Where does anyone try to improve things?

    It starts with us.

  15. Hiroe says:

    if this was a democracy then it would start with us, as it is it starts with the dictators. all we can do is whine and submit content. luckily they decided to help us submit content.

  16. I agree with what Dean Putney stated above. another thing to keep in mind is the SIZE of your images. photoshop and many other photo editing programs have options to save streamlined picture files with very small sizes.

    A high quality DSLR can take really nice photos but the output image files is often 3MB+, shrinking down to a reasonable resolution for a web guide, say 800×600 or 1024×768 (resolution depend on how much detail you need in the picture) then using some stream-lineing options to balance quality with size you can get your photos under 100K a piece. if you want to thumbnail them too you can save even more bandwidth.

    In photoshop I even created an action script to automatically shrink and streamline my photos, then I use wordpress on my site which automatically thumbnails them for me. Vidoes are on youtube and I have a WP plugin to easily embed them on my site. these tools allow me to get my updates posted quickly so I can concentrate on the interesting stuff as opposed to manually futzing with photos and html for hours.

  17. lace wigs says:

    this site has been an asset in many areas, but it seems like this post is excluding the following factors necessary to become well-known on the internet:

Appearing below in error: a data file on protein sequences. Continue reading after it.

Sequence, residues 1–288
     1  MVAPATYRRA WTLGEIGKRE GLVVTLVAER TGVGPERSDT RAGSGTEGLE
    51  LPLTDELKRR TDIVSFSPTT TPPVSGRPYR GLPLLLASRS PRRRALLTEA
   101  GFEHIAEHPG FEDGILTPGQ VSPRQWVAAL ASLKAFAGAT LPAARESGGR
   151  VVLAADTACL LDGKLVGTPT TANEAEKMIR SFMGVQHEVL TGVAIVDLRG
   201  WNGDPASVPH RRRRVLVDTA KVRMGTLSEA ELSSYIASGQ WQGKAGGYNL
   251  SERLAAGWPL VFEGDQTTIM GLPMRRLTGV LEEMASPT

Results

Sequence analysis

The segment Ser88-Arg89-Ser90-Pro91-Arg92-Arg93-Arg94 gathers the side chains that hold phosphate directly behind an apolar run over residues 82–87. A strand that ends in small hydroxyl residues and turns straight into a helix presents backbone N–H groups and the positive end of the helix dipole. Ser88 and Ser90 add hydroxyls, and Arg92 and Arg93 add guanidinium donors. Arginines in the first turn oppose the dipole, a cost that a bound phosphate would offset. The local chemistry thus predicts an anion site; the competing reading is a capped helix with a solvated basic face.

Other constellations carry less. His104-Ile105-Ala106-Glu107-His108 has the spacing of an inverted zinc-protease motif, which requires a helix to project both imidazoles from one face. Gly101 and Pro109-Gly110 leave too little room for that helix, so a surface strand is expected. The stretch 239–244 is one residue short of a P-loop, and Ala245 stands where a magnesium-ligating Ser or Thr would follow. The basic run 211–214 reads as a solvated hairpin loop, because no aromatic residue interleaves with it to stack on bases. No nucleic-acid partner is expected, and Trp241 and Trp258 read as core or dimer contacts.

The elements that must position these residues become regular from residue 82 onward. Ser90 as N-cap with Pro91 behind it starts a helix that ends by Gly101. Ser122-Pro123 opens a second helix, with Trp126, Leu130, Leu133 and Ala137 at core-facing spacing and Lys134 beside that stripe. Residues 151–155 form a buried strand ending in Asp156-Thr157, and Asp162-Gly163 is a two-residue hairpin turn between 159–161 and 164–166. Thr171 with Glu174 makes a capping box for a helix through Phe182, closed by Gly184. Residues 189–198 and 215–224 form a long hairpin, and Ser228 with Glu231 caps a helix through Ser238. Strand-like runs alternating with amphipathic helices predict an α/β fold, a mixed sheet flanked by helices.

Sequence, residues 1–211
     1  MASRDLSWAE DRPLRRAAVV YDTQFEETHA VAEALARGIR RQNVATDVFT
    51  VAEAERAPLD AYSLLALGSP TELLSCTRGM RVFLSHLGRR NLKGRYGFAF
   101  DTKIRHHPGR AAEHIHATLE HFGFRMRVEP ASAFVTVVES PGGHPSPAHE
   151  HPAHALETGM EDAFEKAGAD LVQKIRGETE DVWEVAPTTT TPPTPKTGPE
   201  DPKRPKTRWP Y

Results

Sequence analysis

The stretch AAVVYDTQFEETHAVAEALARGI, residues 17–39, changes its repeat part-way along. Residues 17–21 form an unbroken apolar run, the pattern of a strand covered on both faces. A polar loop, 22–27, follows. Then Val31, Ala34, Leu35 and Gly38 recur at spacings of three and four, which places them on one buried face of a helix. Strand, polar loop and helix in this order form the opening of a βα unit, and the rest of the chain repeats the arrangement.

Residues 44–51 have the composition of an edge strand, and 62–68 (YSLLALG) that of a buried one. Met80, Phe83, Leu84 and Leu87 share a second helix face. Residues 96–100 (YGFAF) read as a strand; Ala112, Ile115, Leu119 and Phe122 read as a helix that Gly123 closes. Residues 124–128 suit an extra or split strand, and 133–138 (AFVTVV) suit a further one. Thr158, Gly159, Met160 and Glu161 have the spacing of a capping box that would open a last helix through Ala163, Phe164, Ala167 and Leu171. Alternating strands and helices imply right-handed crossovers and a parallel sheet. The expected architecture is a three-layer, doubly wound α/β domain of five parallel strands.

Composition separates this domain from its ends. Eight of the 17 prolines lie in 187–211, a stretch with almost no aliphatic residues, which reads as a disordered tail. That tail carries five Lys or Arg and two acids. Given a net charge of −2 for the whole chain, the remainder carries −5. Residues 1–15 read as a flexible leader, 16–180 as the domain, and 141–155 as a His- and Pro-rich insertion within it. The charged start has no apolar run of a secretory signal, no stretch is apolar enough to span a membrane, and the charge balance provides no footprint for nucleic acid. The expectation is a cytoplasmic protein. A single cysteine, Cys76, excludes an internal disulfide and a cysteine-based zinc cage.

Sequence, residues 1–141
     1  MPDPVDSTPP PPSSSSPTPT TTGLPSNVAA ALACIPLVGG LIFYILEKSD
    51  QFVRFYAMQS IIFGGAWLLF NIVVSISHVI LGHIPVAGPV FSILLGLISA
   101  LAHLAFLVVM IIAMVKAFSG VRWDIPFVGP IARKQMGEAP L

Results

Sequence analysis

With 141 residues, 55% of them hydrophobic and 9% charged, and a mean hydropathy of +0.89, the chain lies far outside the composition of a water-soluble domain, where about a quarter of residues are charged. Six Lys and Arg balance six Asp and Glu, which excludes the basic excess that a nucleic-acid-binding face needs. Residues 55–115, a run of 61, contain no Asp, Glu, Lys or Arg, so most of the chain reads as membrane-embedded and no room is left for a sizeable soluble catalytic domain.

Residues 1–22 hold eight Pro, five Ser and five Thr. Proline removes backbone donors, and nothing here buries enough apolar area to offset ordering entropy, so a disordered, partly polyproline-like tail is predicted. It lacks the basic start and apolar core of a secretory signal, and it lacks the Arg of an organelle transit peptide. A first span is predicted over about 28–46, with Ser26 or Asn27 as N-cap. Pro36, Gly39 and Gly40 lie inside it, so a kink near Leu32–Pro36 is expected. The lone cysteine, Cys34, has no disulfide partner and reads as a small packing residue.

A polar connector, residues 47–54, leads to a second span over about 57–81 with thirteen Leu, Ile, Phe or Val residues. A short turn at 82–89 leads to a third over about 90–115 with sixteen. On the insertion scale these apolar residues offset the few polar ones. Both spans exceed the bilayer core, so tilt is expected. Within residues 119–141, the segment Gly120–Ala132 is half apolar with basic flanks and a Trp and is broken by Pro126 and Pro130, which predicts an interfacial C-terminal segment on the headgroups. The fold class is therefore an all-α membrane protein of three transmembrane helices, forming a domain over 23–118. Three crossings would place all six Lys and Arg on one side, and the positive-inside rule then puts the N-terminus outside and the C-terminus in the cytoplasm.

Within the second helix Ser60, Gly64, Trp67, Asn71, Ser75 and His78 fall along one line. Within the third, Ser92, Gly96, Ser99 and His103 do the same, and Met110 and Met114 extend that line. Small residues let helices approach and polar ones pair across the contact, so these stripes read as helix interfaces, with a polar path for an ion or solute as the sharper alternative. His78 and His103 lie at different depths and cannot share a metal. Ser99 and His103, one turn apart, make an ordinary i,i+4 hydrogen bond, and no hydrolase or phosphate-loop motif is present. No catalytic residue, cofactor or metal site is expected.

1) high quality SEO work

    2) great content

    3) visually interesting

    4) recommended by other people

    5) simple to understand

  18. Amos says:

    An addendum to [twistedsymphony]‘s post above:

    1) Remember: crop is your friend! You won’t have to scale down as much (if at all) if there’s less useless stuff around the edges of your images. This will help preserve those all-important details.

    2) Don’t post blurry close-ups just because you don’t have a macro mode! Just max out the resolution, get as close as your camera can focus, and crop the rest off.

    3) Also, once you’ve scaled down (especially to thumbnail size) use a sharpen filter. You don’t have to go crazy with it – I usually use an unsharp-mask with a radius of from 0.5 to 1.5 pixels and < 25% power – but it will make a world of difference in clarity.

  19. lekernel says:

    @lace wigs: maybe some of those factors are not as necessary as you think – as would suggest that stupid girl whose picture appears in the hackaday post: youtube .com / watch?v=kHmvkRoEowc

  20. 3riX says:

    Shouldn’t this article be titled, “How to make Hackaday an internet sensation again”?

    This is what we need people to do, submit their good projects, then both shall be.

    Whatever.

  21. jd says:

    Real hackers post hacks
    Wannabe hackers complain about the quality of other peoples’s hacks

  22. Glenn says:

    Completed the game yesterday night right after playing for practically 1 week.
    To start with, the game appeared just great adequate to kill some time with
    wonderful “old school” battle mechanics, but through the time the demo was in excess of
    I was craving for additional! What’s a lot more, I bought the game and was advancing, since it grew all the more addictive. Close to the finish of the game, when almost everything is explained I was astonished by such an angrossing story and just could not place it down. I am absolutely going for your sequels the moment they come out. I gotta say. Great task!!!! The game was terrific!!!!